Moving clocks forward by one hour could improve health
Plans to bring clocks in the UK in line with central European time by moving them forward by one hour are being heavily supported by doctors.
The British Medical Association conference will today see delegates argue in favour of the move, claiming putting the clocks forward in both winter and summer will have numerous health benefits and save lives.
Experts believe that an extra 235 hours of daylight at the end of the day each year could help to reduce road deaths by up to 100 each year.
While changing the time may make the mornings darker, research suggested that it was safer to drive in the dark in the morning as people were more alert.
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It has also been suggested that moving the clocks forward one hour would increase tourism in the UK and therefore boost the economy.
Previous attempts to implement the time change were thwarted because some places in the far north of Scotland would not see daylight until 10am during the winter if the time was permanently changed.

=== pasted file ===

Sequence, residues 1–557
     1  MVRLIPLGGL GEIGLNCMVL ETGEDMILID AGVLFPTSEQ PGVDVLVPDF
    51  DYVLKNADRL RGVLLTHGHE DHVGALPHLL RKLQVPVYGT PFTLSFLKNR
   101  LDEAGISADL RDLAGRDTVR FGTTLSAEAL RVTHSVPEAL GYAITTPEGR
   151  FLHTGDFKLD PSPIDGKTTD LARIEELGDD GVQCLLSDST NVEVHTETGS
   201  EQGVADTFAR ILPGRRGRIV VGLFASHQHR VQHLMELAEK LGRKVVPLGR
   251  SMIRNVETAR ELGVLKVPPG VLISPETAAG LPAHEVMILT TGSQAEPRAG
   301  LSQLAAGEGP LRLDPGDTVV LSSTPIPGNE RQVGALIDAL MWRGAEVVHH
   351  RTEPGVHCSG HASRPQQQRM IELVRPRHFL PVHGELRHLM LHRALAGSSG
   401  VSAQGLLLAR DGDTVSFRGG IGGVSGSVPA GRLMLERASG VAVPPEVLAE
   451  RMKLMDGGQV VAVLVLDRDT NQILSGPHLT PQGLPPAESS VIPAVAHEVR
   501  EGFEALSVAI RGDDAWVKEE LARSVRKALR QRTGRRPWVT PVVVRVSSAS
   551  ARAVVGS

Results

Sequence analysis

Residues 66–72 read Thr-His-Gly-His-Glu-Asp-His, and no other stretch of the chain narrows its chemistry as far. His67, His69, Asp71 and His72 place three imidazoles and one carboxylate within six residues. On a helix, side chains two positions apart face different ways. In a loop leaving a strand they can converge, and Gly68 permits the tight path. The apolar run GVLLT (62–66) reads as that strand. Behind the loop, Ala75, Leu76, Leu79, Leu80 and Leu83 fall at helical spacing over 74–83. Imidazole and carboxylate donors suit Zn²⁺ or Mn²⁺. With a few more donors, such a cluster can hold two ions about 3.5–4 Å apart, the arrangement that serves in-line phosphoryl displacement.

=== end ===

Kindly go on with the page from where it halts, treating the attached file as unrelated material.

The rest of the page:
However, there are arguments that this could be solved by introducing flexible school times during the winter months in such remote areas.
GP Andrew Green said of the plans: “In the end you have to go for what gives the greatest benefit for the greatest number.”
“Changing the clocks would mean people are more likely to be active.”
“It would encourage children to stop playing on the computer and go outside instead of risking getting run over in the dark,” he added.
A bill is currently passing through parliament asking MPs to consider implementing a three year trial of living with the hour time change.